In terms of women’s issues as refugee and asylum seekers they were just expected to be absorbed into the existing organisations but what people didn’t realise that the existing organisations were only working to a minimum capacity because of their funding. Now with austerity and the European Brexit and stuff like that, that’s beginning to look even worse, if you can imagine it to be any worse.
As I argue in The Violence of Austerity, and as advocacy and pressure groups such as Sisters Uncut and Safety 4 Sisters can attest, cuts to specialist services have the capacity to effectively facilitate deaths. If women cannot escape cycles of violence, gain access to refuges and receive emotional support – if they are depressed or feeling suicidal – some women will die. Such deaths are foreseeable when financial support is all but eradicated. Ignoring their potential has been a decision central to the agenda of austerity, not a by-product of it.
Deflecting responsibility on to those who least deserve it?
In a recent interview in Merseyside, a case worker for a refugee women’s service told me she felt that, ‘there has been definitely a concerted drive to divert attention away from the fact that there’s been less money provided, and put attention on stuff like, “Well who else could be using the services who doesn’t have as much right to the service as you?”’. In other words, rather than looking at those responsible for austerity, we are encouraged to look at those around us as potential threats to dwindling resources.
The reality of life in asylum has, however, long been more than arduous. Currently, people seeking asylum in Britain receive £36.95 per week in cash (£5.28 per day), but those who are awaiting asylum appeals receive £35.39 per week on a prepayment card. Considering that people seeking asylum received around £5 per day in 2008, at the beginning of the so-called ‘economic crisis’, and that inflation has increased on average 2.6 per cent each year since then, the end result of the infliction of such poverty is clearly foreseeable. Evidencing the harmful effects of this meagre entitlement, in 2014 Refugee Action found that:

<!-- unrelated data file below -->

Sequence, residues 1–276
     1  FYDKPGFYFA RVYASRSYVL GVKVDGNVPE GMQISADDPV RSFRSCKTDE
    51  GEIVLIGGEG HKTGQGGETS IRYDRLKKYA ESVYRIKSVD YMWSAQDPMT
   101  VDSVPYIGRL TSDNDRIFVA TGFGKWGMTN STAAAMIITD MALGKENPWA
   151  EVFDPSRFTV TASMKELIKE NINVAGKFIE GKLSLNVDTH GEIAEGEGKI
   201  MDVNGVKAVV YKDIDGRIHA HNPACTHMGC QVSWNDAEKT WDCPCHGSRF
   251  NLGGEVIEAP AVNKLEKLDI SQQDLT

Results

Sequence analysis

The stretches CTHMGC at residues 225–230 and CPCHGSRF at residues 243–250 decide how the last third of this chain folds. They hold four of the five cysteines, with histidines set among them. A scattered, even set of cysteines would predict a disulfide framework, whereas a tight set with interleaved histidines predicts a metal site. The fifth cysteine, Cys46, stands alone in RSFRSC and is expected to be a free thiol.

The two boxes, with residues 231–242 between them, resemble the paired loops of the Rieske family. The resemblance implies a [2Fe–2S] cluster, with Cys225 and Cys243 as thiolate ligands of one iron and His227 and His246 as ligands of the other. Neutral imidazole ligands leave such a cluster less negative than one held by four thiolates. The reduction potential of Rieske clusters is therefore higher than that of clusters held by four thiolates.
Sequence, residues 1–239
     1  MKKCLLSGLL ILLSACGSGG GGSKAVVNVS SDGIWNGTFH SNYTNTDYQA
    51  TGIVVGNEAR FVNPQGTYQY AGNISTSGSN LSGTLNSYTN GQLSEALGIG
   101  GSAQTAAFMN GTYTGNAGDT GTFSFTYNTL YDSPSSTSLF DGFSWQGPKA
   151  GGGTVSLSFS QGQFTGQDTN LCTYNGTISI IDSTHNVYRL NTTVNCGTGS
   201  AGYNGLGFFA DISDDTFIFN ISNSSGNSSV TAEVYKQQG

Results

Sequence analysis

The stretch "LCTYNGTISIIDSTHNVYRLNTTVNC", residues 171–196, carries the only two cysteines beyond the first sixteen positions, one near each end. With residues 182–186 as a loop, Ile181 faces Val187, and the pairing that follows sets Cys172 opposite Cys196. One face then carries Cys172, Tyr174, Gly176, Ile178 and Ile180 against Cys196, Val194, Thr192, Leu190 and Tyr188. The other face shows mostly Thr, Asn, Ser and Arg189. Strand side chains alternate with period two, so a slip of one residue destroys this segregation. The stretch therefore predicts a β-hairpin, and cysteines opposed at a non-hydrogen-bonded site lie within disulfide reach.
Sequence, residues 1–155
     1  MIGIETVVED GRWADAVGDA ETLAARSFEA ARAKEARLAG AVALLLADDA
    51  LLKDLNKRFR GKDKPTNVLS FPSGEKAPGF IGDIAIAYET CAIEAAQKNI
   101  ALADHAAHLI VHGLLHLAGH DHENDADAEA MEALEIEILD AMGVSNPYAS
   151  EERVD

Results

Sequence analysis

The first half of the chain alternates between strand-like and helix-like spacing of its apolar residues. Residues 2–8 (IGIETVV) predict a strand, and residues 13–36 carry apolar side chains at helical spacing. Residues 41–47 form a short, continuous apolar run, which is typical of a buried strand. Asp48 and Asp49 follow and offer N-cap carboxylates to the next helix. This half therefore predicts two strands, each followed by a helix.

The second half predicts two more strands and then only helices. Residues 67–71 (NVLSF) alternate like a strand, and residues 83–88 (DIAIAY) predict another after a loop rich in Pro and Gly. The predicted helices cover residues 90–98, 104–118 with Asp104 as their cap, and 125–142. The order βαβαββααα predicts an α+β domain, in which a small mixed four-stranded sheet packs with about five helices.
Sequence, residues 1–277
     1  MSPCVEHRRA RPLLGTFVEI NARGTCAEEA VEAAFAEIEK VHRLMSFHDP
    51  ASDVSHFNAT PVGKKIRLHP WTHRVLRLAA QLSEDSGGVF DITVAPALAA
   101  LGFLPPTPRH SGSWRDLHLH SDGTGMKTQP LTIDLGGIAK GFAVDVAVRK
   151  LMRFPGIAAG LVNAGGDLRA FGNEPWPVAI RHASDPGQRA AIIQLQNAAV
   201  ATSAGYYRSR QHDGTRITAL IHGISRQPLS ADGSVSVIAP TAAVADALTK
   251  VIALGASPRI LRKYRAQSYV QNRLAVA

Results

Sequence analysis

Half of asylum-seekers surveyed couldn’t buy enough food to feed themselves or their families. [Our] research also found that 43 per cent of asylum-seekers miss a meal because they can’t afford to eat while a shocking 88 per cent don’t have enough money to buy clothes.
Over the past few months, I have spoken with women seeking asylum who are literally choosing between food and legal support payments. Cuts to support workers are devastating for people who can’t read English or who gain no advice, because it literally means not being able to access food or healthcare – even if they have the right to do so.
If there is one point to take away from a collection as hard hitting as The Violence of Austerity, it is that the decisions made in the aftermath of the so-called financial crisis were exactly that – decisions, made by some of the very people responsible for ensuring welfare and protection. They were not made by people seeking sanctuary – people requesting protection – who will likely feel the social and economic impacts of austerity for years to come.
Victoria Canning is a contributing author in ‘The Violence of Austerity’ where she writes on‘‘Multiple forms of violence in the asylum system’. The book is available to buy from Pluto Press: